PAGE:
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Editorial Advisory Board: It’s time to advance leaf-blower bill

Maryland House Bill 934, phasing out the sale and use of gas-powered leaf blowers in Maryland, was pulled by its sponsors in the last legislative session. There was opposition to the bill from neighborhood associations and trade associations, who agreed to meet with the bill’s sponsors over the summer to talk about a rebate program to support a transition.

We want to see a version of the bill reintroduced this session, but we believe a reasonable time for businesses to transition from gas to electric would be appropriate, given the large number of landscape companies doing business in Maryland. We also believe that larger, rural, properties should be excepted from the ban until such time as battery technology and cost make electric blowers feasible.

Banning these noisy, intrusive machines is not novel in Maryland; the Montgomery Council introduced legislation in June that would ban gas leaf blowers.

More than 170 cities, towns and states across the country including those in Colorado, Illinois, Massachusetts, New Jersey, New York, Texas and Vermont have imposed complete or partial bans on gas leaf blowers.  California has enacted a law that will phase out gas leaf blowers and other gas powered lawn equipment. The District of Columbia banned these noisy and dirty devices as of Jan. 1, 2022. In some jurisdictions, a ban encompasses use during certain times, for example before 7 a.m. and after 7 p.m.

In New York State, two bills are pending that would impose statewide bans. The reason for these bans are threefold: chemical emissions, noise and particulate pollution.  According to the California Environmental Protection Agency, operating a commercial leaf blower with a 2-stroke engine in use for only an hour emits more pollutants than driving a 2016 Toyota Camry 1,100 miles!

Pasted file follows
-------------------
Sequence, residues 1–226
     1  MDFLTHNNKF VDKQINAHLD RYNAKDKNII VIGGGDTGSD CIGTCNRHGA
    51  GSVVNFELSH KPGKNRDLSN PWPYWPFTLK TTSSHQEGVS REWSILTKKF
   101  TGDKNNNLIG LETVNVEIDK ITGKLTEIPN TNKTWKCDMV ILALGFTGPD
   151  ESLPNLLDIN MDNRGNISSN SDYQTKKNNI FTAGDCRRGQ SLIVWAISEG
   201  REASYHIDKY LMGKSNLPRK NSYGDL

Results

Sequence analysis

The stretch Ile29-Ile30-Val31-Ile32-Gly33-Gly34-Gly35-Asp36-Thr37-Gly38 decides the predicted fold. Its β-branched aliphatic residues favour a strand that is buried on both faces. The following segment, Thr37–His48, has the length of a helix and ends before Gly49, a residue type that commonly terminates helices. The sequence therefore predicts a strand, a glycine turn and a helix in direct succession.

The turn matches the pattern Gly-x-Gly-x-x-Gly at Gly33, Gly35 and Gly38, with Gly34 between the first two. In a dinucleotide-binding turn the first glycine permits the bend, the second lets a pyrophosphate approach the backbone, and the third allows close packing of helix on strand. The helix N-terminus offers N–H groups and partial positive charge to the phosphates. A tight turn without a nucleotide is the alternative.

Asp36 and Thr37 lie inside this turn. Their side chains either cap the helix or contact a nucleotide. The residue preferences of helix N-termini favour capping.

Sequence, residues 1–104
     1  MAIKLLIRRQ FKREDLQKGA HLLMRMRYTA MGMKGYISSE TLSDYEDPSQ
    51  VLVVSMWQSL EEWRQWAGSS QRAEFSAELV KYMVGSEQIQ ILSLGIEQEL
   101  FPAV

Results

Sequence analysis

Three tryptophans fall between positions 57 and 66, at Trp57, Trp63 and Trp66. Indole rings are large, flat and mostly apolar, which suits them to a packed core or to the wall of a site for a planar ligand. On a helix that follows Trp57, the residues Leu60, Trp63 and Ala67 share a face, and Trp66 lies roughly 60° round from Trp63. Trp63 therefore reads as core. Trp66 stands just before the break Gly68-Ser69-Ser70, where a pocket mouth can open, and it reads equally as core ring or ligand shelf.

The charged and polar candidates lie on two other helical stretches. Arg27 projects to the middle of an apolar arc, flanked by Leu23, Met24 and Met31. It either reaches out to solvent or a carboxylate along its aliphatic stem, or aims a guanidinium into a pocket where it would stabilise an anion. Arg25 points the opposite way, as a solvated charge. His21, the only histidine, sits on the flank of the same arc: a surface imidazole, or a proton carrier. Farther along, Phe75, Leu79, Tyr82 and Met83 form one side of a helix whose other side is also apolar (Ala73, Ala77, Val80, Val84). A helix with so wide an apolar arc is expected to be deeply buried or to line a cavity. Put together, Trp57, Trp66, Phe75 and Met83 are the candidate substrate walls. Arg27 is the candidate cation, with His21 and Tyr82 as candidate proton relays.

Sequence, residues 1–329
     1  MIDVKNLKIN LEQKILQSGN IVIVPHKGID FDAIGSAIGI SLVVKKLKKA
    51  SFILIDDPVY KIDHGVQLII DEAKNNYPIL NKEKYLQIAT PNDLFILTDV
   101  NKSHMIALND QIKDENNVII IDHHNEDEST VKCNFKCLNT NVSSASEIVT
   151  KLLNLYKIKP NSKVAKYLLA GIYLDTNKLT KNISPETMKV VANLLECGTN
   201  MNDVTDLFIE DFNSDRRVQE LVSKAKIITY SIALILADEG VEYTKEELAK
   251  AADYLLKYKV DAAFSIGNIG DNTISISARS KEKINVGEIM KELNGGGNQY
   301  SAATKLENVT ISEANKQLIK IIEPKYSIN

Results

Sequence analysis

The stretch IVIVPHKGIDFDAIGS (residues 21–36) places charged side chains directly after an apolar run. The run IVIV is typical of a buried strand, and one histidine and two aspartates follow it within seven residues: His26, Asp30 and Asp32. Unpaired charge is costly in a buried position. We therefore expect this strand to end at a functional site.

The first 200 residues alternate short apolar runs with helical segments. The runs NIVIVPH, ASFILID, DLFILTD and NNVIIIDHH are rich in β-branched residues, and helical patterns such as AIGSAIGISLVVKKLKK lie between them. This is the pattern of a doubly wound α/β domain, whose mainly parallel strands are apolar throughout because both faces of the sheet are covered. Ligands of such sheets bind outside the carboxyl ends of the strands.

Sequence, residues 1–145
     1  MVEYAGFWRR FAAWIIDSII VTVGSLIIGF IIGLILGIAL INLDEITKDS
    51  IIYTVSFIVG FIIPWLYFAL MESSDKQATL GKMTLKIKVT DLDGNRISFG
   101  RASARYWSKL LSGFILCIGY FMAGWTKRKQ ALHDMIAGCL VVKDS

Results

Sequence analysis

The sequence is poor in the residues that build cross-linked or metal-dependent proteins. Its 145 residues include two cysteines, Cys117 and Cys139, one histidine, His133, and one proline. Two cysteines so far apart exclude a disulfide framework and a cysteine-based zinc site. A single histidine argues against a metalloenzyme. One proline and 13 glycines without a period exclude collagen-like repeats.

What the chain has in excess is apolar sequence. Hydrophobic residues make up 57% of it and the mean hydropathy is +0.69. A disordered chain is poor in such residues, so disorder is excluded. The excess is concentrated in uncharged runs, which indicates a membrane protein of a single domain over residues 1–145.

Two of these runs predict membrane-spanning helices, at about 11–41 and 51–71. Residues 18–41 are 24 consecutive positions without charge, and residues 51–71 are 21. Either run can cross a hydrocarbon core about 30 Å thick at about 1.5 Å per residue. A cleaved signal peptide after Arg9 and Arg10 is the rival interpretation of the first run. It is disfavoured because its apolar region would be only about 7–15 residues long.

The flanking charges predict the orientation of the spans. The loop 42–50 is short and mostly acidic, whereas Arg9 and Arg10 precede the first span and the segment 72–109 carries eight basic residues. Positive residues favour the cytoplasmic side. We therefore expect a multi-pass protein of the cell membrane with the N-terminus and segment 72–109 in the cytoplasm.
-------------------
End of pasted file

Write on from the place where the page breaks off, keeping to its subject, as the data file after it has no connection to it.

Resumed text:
Gas leaf blowers are noisy and intrude on peace and quiet. They typically operate for hours between 70-100 decibels; that’s in the range of a nearby helicopter. Exposure to noises above 85 decibels will damage hearing.

And, they push dirt and dust at over 200 miles per hour into the air, eroding soil and habitats and spreading disease-causing mold and fecal matter. Newer electric leaf blowers operate under 60 decibels, and while electric leaf blowers won’t cure the problem of particulate pollution, they will mitigate noise pollution and end harmful emissions.

Maryland has protected the waterways by regulating the sorts of lawn fertilizer that are allowed, and the months in which it can be put down.  Baltimore has protected the environment by imposing restrictions on plastic bags.

We urge the Maryland legislature, and the governing councils of the various subdivisions, to protect our ears and peace, and act now, subject to the provisos earlier set forth, to ban the sale of gas-powered leaf blowers and phase out their use.  That would be good for almost everyone.

Editorial Advisory Board members Arthur F. Fergenson and Julie C. Janofsky did not participate in this opinion.


James B. Astrachan, Chair

James K. Archibald

Gary E. Bair

Andre M. Davis

Eric Easton

Arthur F. Fergenson

Nancy Forster

Susan Francis

Leigh Goodmark

Roland Harris

Julie C. Janofsky

Ericka N. King

Susan F. Martielli

Angela W. Russell

Debra G. Schubert

H. Mark Stichel

The Daily Record Editorial Advisory Board is composed of members of the legal profession who serve voluntarily and are independent of The Daily Record. Through their ongoing exchange of views, members of the board attempt to develop consensus on issues of importance to the bench, bar and public. When their minds meet, unsigned opinions will result. When they differ, or if a conflict exists, majority views and the names of members who do not participate will appear. Members of the community are invited to contribute letters to the editor and/or columns about opinions expressed by the Editorial Advisory Board.